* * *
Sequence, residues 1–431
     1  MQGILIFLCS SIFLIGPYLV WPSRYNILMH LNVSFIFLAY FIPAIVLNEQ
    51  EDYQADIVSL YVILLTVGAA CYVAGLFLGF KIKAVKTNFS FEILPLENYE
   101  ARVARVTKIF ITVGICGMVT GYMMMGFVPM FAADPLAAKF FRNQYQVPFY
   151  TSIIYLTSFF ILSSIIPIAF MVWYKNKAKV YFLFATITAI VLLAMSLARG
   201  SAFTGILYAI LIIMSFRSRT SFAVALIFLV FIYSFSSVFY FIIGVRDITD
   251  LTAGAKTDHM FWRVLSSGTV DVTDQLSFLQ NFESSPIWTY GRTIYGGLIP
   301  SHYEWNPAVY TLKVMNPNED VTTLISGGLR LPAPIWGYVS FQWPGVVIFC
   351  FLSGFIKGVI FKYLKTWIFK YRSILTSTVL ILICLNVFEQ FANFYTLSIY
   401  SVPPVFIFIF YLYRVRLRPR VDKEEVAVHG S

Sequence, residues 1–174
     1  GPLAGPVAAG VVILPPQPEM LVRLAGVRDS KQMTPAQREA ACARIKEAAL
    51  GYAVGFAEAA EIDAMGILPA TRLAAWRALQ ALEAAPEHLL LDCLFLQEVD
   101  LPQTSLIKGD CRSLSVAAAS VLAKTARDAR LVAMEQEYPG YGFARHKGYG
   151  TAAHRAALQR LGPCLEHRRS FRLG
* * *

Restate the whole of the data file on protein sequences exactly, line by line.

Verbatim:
Sequence, residues 1–431
     1  MQGILIFLCS SIFLIGPYLV WPSRYNILMH LNVSFIFLAY FIPAIVLNEQ
    51  EDYQADIVSL YVILLTVGAA CYVAGLFLGF KIKAVKTNFS FEILPLENYE
   101  ARVARVTKIF ITVGICGMVT GYMMMGFVPM FAADPLAAKF FRNQYQVPFY
   151  TSIIYLTSFF ILSSIIPIAF MVWYKNKAKV YFLFATITAI VLLAMSLARG
   201  SAFTGILYAI LIIMSFRSRT SFAVALIFLV FIYSFSSVFY FIIGVRDITD
   251  LTAGAKTDHM FWRVLSSGTV DVTDQLSFLQ NFESSPIWTY GRTIYGGLIP
   301  SHYEWNPAVY TLKVMNPNED VTTLISGGLR LPAPIWGYVS FQWPGVVIFC
   351  FLSGFIKGVI FKYLKTWIFK YRSILTSTVL ILICLNVFEQ FANFYTLSIY
   401  SVPPVFIFIF YLYRVRLRPR VDKEEVAVHG S

Sequence, residues 1–174
     1  GPLAGPVAAG VVILPPQPEM LVRLAGVRDS KQMTPAQREA ACARIKEAAL
    51  GYAVGFAEAA EIDAMGILPA TRLAAWRALQ ALEAAPEHLL LDCLFLQEVD
   101  LPQTSLIKGD CRSLSVAAAS VLAKTARDAR LVAMEQEYPG YGFARHKGYG
   151  TAAHRAALQR LGPCLEHRRS FRLG